By Siyang Sun, Speech-language Pathologist

We don’t have to teach a seed to become a flower, just like parents don’t have to “teach” language to their children. Learning to talk unfolds as it does—children are born with the innate ability to learn to talk. However, just as seeds do require nutrition and water to grow, children also need language input to acquire the language, and the quality and quantity of the input will have a major impact on language development.

How can parents make sure that they are providing the “language nutrition” in the best possible way? Of course you do not want to drill your children with speech lessons, but there is much you can do in your everyday life to make a difference.

Here are 6 principles that you can follow to nurture your child’s language learning:

1. Talk to your child, but listen to them as well.


It is essential that parents talk to their children a lot, because that is where the “quantity” of language input comes from. Nevertheless, you can’t talk all the time. It is equally important to listen to your child, as it encourages them to practice their language.

When your child starts to talk to you, it’s best to put aside what you are doing and bring your eye level to the same height as your child’s, for example by sitting or squatting, and looking at your child’s eyes with a smile. Also, give children some extra time to finish their talking and to respond to what you say. Try to avoid interrupting them.

2. If you correct your child’s talking, do it indirectly.


Just like we would hesitate before criticizing a friend or a peer, we should be equally sensitive about criticizing our children’s language skills as well. You wouldn’t correct a friend’s grammar in the middle of a conversation. It is most helpful to pay more attention to what your child is saying, than to how she says it. Parents should comment on the content of what children say. A helpful approach called “recasting” can be used to correct the child’s error and expand it without the child realizing the correction. For example, if your child says, “none of them trucks is working,” you might expand it with: “Oh, none of those trucks will work for you? Let’s see. How can we get those things to work?” Ending this “covert correction” with a question will also keep the conversation going.

3. Provide multi-sensory input when possible.


For instance, when we want the child to understand an apple is called an “apple”, it will be beneficial if the child has an opportunity to see it, smell it, touch it and taste it while the parents label it. Not only will the child establish more associations with apples in their memory, they are also likely to hear relevant verbs (eat, wash, peel, etc.) and adjectives (big, red, tasty, etc.) from real life experience which is more effective (and easier!) than teaching them to recognize items on picture books.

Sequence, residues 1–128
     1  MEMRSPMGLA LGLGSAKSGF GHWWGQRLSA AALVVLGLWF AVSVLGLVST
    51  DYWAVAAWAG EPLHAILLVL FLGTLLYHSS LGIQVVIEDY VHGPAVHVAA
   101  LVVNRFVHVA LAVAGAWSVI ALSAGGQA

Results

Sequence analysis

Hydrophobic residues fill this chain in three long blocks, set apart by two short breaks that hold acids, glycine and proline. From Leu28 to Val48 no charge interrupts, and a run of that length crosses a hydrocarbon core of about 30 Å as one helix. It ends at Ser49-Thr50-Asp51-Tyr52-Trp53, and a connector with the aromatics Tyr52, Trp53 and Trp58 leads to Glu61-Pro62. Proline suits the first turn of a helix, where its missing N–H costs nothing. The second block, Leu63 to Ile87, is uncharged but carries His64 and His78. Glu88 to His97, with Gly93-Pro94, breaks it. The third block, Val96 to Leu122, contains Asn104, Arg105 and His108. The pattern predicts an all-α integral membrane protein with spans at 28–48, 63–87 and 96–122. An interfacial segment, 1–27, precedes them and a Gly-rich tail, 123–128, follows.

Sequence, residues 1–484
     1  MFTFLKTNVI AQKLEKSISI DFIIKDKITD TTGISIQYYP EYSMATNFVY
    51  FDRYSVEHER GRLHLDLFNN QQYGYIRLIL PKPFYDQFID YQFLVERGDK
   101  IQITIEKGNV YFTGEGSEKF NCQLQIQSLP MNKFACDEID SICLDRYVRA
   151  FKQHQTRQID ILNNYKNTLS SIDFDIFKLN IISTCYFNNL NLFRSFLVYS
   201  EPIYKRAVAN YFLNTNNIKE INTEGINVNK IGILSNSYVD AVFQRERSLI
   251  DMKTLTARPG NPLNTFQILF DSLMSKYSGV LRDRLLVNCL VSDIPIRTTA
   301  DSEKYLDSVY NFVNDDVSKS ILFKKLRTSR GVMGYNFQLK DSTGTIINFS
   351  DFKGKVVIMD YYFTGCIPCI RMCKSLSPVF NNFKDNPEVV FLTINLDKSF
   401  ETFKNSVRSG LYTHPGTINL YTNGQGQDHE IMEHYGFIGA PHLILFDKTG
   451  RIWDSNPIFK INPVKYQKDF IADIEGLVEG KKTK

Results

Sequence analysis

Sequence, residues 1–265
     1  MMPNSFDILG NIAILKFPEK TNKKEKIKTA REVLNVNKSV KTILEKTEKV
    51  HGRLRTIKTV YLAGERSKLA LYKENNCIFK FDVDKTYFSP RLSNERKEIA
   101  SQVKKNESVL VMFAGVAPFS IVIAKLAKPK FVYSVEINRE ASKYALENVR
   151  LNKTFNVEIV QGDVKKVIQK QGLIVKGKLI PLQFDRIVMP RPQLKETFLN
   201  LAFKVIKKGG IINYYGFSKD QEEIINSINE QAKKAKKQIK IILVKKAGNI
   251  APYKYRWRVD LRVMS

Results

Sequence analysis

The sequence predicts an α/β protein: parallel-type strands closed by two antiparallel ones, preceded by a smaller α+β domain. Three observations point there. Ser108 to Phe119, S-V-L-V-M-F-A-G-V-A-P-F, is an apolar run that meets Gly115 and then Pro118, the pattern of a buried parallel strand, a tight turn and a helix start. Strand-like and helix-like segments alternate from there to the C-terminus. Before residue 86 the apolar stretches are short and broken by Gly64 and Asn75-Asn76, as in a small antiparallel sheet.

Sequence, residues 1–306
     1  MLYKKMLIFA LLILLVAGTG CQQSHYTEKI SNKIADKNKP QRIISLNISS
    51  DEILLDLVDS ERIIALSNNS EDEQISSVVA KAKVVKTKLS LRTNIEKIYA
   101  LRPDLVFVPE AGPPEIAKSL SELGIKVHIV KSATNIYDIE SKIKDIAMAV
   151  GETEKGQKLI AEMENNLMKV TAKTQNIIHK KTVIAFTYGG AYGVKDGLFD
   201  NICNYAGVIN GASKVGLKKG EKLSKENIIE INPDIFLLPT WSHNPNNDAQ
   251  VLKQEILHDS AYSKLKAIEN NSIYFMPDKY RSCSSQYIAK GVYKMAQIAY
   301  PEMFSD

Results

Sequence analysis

When you are labeling an item, putting it close to your face will enable the child to see how your mouth moves when you pronounce the word, which will help them imitate/articulate it in the future.

4. Talk about “here and now”.

Talk about what is happening at the moment and things that the child is looking at—this is particularly helpful when you are talking with an infant or a very young child. If you label something that the child is not paying attention to, he/she will absorb far less information.

5. Ask open-ended questions.

When you ask your child questions, remember to ask more open-ended questions such as how and why, instead of close-ended questions such as what, when, where, or even yes/no questions. This gives your child plenty of opportunity to elaborate and talk freely.

6. Avoid asking too many questions.


Asking questions should not be the only strategy. Make sure to comment and talk to your child about what they are doing– questions seem to be able to elicit more response, but sometimes it puts children under the pressure of giving a reply. Besides, children may just give you an answer and then stop talking. In contrast, commenting will encourage children to speak more by engaging them in conversations. Here is an example of “asking questions” and “making comments” when talking to your child, for instance when he is playing with sand:

  • Observational questions, such as “What are you making with the sand?”, “Is this a castle?”, are easy to answer with just one word (castle, yes, no).
  • Observational comments, such as “Wow you’ve got lots of sand here!”, “This looks like a castle!”, initiate a dialogue and open up space for your child to reply with whatever they are thinking.

Researchers in the UK have taken videos of nursery teachers interacting with children, and when the teachers watched the video they were astounded to see themselves asking tens of questions within a few minutes. However, children did not produce lots of speech but only gave a short answer as if they were in a hurry to finish their homework. When the teachers adopted the “commentator’s mode”, they found it difficult to get the children to stop talking!

Children learn a language with their innate ability—they are amazing discoverers of the rules of language that is spoken to them. Your job is to provide enough language input in a facilitative manner. Talk to your child the same way as to a friend, try to make every conversation a pleasant experience, listen to them attentively, and provide various learning opportunities—you will see their language flourish!